Writing exclusively for Talk Business, Gope Walker, CEO of Data Kraken explores the social and business costs of marketing:
Can marketing ever harm your business? It depends on what type of marketing you mean. Marketing has existed, in one form or another, for millennia. Businesses have always used marketing to boost their sales and sing the praises of their products, but in the past couple of decades, advertising has become increasingly ubiquitous. Today, it’s an inescapable fact of life: banner ads that hide the text on news sites, messages from companies you don’t recall giving your details to, and fifty-eight emails a day thundering uninvited into your inbox.
As businesses, we rely on marketing to find new customers and grow. But what is the real impact of overzealous marketing? How much time is wasted – at home and at work – reading and deleting irrelevant emails? The cost isn’t just financial or damage to brand, but also environmental and social. This isn’t an insignificant problem as there are 17.5 billion pieces of junk mail that are sent and received in the UK every single year. That’s 262 per person in the UK population. It’s time to consider the costs of intrusive marketing and seek a better solution.
When Does Marketing Become Intrusive?
As a business owner, you are naturally excited about your business: it’s your project, your passion. You’ve put thousands of hours into it. It’s only natural that you want to shout about it from the rooftops and jump into action finding new customers via every conceivable avenue. Sometimes, however, this enthusiasm and drive to succeed can cause us to make a fundamental error in marketing: annoying potential or existing customers.
When a customer spends more time deleting your CRM emails and shredding your send-outs than they spend actually using your product, it’s time to make a change. For example, if a customer barely uses your app or has bought from your ecommerce platform once, does that warrant emails fortnightly or more frequently? You don’t want anybody to read your business name on yet another email subject line and feel a burst of anger rather than excitement. Multiply this by other businesses that the consumer has registered/bought from before/had personal details sold to. Consumers today are being overwhelmed by marketing from multiple businesses as email is quick and relatively cheap so their inboxes are a preferable method of contact.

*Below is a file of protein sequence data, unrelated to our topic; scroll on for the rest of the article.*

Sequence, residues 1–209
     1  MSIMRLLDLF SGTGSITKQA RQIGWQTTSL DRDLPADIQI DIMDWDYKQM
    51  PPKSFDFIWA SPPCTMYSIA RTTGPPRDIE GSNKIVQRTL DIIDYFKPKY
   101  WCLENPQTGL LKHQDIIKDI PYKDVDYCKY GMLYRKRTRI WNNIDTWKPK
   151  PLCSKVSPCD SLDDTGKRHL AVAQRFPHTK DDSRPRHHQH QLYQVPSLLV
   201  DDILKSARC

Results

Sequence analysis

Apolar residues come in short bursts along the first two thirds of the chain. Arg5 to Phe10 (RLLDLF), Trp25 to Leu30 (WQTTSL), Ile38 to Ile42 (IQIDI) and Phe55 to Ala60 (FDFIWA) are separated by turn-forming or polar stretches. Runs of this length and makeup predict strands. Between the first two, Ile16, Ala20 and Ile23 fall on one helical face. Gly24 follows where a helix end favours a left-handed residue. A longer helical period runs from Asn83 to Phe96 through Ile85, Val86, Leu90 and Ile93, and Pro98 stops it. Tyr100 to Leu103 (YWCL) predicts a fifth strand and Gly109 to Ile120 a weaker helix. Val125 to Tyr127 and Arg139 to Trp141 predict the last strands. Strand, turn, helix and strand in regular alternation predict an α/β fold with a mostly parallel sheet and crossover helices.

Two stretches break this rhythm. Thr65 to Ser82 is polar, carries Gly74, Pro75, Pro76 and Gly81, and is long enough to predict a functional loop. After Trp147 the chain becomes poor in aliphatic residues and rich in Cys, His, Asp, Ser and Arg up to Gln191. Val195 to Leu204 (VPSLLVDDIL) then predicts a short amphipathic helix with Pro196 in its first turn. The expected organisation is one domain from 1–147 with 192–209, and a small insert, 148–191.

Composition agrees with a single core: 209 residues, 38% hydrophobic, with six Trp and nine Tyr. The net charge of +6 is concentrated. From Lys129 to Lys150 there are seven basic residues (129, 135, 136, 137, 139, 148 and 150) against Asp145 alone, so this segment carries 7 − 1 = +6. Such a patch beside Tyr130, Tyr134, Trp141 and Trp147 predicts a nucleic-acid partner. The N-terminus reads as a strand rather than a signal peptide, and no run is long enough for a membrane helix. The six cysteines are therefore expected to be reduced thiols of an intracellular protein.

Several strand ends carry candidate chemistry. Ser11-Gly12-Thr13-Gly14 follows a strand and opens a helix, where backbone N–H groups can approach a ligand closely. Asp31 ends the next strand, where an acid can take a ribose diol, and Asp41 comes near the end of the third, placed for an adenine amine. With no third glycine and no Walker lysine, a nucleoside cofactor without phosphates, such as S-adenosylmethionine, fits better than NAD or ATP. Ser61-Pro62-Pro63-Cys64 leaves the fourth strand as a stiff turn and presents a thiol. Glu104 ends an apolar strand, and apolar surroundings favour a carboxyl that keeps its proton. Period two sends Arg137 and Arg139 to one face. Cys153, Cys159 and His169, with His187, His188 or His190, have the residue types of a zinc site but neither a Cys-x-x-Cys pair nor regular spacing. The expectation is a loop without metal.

Why Intrusive Marketing Fails
‘No Cold Calling’ signs are a common sight around the UK today. While this was a common tactic in the last century, the prevalence of cold calling led to an intense reaction from the public. Only 2% of door-to-door sales today generate a sale, and as the return on investment diminishes, it’s seen a demise as a marketing practice.
Paper mail still remains prevalent, though on a steady decline each year. Each household in the UK receives on average 650 pieces of junk mail per year – almost two a day. The vast majority of these are never opened, but instead picked up off the floor and dropped into the bin with a sigh. Again: not exactly the reaction to your brand that you want from a potential customer.
Every day, 347 billion emails are sent around the world, and around half of these are marketing emails: offers, new product launches, campaigns, updates and invitations to upgrade. Most of these emails will never see the light of day: either they’ll sail straight past the Inbox and into Junk, or they’ll simply be deleted without a second glance.
The Social Cost of Junk Mail